I have a funny relationship with my hometown. On the surface, Huddersfield doesn't have a massive appeal. The town centre has fallen into a shell of a working town, largely populated with empty shops or the rinse and repeat line up of pawn shop - takeaway - gambling shop, to the beat of a repeated background of a childhood cartoon.
Immediately from the edge of the town centre, the vibe changes. That surface first impression is overshadowed by true hometown pride. Proper Yorkshire countryside with rolling hills, pockets of nature thriving and hidden gems that I will endlessly shout about. It's where I spent 20 years of my life, always having a love/hate relationship.
The nostalgia for Huddersfield still gives me a sense of pride. While I may have a love/hate relationship with the dwindling town centre, the suburbs and the countryside where I grew up is pure love.
I grew up with views of rolling hills of Huddersfield, spending summer evenings climbing trees that edged the fields in front of our house, or getting lost in the snickets of the village before setting up base at the football field or playground nearby. While my days of climbing trees aren't anywhere near as common as I'd like (read: non-existant), pulling up to my parent's house, the same house I spent 20 years growing up in, means instant comfort and calm.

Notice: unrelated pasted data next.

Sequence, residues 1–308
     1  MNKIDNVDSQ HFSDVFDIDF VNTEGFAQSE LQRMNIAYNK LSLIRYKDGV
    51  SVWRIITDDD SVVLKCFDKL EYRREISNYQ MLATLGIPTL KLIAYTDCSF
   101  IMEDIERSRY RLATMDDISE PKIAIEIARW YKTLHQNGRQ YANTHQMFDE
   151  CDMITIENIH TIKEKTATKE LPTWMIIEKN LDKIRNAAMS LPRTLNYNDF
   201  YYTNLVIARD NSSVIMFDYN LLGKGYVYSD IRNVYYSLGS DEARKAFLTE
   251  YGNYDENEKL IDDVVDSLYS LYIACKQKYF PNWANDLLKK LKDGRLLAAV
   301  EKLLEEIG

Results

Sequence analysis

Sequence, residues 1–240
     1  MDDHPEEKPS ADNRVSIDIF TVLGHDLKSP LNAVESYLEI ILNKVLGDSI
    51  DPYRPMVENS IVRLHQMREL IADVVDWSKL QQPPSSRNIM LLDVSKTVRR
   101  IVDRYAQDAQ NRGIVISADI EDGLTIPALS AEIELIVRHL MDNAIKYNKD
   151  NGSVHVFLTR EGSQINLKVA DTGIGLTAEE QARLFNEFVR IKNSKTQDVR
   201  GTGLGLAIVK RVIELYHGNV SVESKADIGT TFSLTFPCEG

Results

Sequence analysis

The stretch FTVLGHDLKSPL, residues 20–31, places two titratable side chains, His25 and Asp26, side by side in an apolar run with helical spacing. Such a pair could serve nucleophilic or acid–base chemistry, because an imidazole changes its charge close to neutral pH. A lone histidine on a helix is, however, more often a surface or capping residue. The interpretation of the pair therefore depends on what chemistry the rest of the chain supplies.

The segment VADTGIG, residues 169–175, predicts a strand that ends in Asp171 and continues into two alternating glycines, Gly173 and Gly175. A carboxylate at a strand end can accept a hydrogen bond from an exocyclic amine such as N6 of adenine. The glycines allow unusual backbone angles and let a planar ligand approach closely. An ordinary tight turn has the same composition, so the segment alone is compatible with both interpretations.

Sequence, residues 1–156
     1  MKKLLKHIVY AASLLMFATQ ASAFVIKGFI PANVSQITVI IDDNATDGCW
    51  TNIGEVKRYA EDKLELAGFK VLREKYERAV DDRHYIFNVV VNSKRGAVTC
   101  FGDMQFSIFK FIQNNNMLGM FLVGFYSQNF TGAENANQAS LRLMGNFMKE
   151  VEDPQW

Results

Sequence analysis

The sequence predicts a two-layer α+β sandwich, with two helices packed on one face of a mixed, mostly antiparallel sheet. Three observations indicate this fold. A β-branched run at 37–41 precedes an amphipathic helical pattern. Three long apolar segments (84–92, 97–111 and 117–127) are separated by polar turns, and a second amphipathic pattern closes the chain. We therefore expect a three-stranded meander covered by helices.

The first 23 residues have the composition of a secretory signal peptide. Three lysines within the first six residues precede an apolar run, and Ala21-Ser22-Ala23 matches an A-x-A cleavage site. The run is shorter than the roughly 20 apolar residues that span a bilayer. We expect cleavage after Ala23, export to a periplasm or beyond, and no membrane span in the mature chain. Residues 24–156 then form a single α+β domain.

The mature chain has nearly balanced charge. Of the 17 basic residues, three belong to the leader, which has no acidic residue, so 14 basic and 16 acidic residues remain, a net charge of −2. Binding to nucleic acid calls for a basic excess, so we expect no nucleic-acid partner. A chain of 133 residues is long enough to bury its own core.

There are still a handful of familiar faces on the street, with old childhood friends pulling up for infrequent visits. The seasons pass through the fields in front, never becoming a boring view. The generalisation of village life continues; neighbours catching up on driveways, the vague ins and outs of acquaintances being a primary topic of conversation. The same Indian that I forever exclusively ate scampi & chips in still thrives, the corner shop where I stocked up on ice pops or chose a Red Bull because I thought it was the grown-up option still has the same customers.
There's something to be said for the power of nostalgia in the town you grew up in. Especially if, like me, it was the only place you'd ever lived. While Huddersfield on the surface and in the town centre leaves a lot to be desired, the suburbia that surrounds it is my own happy place. I will near certainly always bond better with biggish cities as an adult, but heading home to see my parents or going to the dentist - the same one I've been to since I was born - will forever be both escapism and home. True home.
I love the seemingly mundane that causes rippled conversations for days on end. I love that the spots I used to hangout in have gone relatively untouched for 25+ years. I love that meeting up with old friends means reliving memories from our young teens that still feel so fresh for all of us.
Yes, city life is what I'm drawn to for the long-term future, but hometown nostalgia, hometown pride and conversation is where my heart is.